Tuesday, November 17, 2009
Tuesday 11/17 Street Date Album Reviews 50 Cent, Leona Lewis, Kid Sister And Rakim
via the New York Times
50 Cent 'Before I Self Destruct' (Shady/Aftermath/Interscope)
Taken as a whole this album has a pleasingly morbid tone, in keeping with the best moments from 50 Cent’s first two albums. But context is this album’s undoing. This summer he released a series of mixtapes and a book: both arrived, and disappeared, quietly. “Before I Self Destruct” is the ramblings of a stubborn heavyweight pushing retirement, not clever enough to replace declining agility with wit.
via the New York Daily News
Leona Lewis 'Echo' (J Records/Syco)
3 out of 5 stars
For Lewis' second swing at bat, she launched a makeover of her own, and not a moment too soon. "Echo" has a sense of fun, and a youthful vim, rarely on display on "Spirit." It's faster, harder and way catchier.
While "Spirit" favored flabby ballads, encouraging Lewis' naive will to show her chops, "Echo" focuses on trim, upbeat pop songs, inspiring in her a new sense of pith. She cut her showy melismas in half, hitting the melodies head on. Luckily, they're melodies worth hitting.
via the Los Angeles Times
Kid Sister 'Ultraviolet' (Downtown Music)
Three and a half stars (Out of four)
Chicago's hip-hop newcomer Kid Sister likes to talk up her girl-next-door appeal in interviews. While it's a safe bet that your neighbor isn't pals with Kanye West -- his DJ A-trak is Kid Sister's go-to producer -- "Ultraviolet" is brimming with the artist's down-to-earth candidness.
A two-time veteran of the Coachella Valley Music and Arts Festival, Kid Sister's long-awaited debut is, first and foremost, an upbeat and futuristic club record. It also showcases her Midwestern work ethic and sense of humor. Over the ambient, Tangerine Dream-sampling "Let Me Bang," she's doing her laundry before hitting the dance floor, where she declares that she likes "to do it nice and slow." But don't get any ideas. "By that I mean my flow," she clarifies.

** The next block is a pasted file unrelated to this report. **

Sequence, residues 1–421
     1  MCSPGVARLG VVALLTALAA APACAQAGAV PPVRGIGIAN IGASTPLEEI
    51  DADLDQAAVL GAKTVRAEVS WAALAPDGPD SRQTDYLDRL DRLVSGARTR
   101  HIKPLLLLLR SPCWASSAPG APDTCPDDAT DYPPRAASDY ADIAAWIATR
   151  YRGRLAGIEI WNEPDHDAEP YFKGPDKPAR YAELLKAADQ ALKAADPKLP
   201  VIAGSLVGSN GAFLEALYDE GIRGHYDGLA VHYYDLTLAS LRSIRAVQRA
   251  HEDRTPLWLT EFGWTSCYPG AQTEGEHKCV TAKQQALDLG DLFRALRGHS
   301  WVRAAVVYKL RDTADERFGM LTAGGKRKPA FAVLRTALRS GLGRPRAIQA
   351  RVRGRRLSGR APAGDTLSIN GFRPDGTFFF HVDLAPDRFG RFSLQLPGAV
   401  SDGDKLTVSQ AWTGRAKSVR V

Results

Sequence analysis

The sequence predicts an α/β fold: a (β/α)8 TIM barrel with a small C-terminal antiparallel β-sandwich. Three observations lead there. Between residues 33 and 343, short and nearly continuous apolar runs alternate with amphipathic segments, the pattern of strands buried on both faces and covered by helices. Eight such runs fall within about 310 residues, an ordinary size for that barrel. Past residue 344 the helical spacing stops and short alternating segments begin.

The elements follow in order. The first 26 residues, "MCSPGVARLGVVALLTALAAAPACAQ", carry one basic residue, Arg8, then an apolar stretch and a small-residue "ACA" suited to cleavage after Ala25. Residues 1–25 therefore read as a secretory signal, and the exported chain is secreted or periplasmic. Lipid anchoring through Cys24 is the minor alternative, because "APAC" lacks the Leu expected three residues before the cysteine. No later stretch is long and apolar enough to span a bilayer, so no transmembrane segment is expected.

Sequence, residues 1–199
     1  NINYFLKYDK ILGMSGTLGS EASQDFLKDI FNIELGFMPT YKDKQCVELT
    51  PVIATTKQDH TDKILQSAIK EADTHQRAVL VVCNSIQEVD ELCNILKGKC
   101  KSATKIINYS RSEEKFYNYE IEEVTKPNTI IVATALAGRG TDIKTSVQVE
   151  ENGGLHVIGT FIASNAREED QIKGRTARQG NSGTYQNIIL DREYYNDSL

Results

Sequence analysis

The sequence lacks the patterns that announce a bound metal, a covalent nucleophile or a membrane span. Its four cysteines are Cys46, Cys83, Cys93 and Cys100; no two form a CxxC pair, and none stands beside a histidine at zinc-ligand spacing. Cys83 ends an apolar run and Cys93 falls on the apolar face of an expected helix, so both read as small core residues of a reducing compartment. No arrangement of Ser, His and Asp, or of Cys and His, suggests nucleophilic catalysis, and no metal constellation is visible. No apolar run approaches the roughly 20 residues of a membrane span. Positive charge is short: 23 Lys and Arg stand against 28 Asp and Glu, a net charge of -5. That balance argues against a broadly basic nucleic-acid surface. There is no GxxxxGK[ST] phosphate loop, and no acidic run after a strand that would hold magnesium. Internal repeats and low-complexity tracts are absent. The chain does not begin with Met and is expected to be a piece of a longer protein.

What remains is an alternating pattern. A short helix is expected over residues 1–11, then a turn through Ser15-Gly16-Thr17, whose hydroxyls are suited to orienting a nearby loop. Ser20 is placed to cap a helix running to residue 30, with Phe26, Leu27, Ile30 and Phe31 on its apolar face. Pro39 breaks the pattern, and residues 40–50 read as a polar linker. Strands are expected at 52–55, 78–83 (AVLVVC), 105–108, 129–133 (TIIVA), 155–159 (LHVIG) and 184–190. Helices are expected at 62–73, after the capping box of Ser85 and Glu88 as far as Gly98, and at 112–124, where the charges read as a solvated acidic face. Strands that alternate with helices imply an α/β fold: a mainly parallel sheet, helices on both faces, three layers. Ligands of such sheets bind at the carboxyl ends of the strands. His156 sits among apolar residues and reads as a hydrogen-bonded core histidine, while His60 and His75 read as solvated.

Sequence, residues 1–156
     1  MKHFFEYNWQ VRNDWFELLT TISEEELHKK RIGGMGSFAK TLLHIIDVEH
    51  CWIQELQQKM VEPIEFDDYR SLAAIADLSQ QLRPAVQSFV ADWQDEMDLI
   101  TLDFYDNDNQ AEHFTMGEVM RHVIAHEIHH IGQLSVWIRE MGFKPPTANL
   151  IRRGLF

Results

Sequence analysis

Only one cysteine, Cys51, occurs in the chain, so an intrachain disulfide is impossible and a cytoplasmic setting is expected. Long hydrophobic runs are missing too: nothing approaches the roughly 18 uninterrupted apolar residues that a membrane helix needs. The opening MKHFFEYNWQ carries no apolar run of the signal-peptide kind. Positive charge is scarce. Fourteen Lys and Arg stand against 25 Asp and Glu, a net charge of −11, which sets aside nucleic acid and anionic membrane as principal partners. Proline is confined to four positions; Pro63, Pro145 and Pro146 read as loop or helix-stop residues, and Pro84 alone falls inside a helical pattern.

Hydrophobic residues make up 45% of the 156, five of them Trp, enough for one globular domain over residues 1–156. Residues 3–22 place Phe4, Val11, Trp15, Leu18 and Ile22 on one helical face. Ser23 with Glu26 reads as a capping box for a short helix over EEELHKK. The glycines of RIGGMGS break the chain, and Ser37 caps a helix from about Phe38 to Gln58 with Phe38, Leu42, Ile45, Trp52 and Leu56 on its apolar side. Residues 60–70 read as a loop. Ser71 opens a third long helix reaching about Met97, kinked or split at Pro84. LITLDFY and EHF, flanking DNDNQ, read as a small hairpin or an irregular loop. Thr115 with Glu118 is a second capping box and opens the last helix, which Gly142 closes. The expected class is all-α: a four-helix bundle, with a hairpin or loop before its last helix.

via the Los Angeles Times
Rakim 'The Seventh Seal' (Ra Records/Tuscan Villa/SMC Recordings)
Two and a half stars (Out of four)
The apotheosis of rap's first Golden Age, Rakim spent the lion's share of the 2000s mired in label purgatory at Dr. Dre's Aftermath Records. Sadly, the fruits of their collaboration remain unheard, with Rakim unwisely discarding the Dre beats in favor of a cast of mostly unknowns. Indeed, the "Seventh Seal" is undone by its boilerplate production -- rote drum patterns, predictable piano lines and antiseptic studio technique.
The rappers who have stayed artistically vital despite advancing age (Ghostface Killah, Scarface, Slick Rick) are champion storytellers who continue to burnish their craft. Rakim remains frustratingly opaque, with the brunt of his songs dedicated to rapping about rapping. The 41-year-old attempts to channel the ferocity of his Reagan-era rhymes while balancing a spiritual side ("Man Above") and romantic disposition ("You & I," "Psychic Love," "Still in Love.")
Source referenced articles:
NY Times - 50 Cent 'Before I Self Destruct' Album review
New York Post - Leona Lewis, 'Echo'
L.A. Times - Album review: Kid Sister's 'Ultraviolet'
L.A. Times - Album review: Rakim's 'The Seventh Seal'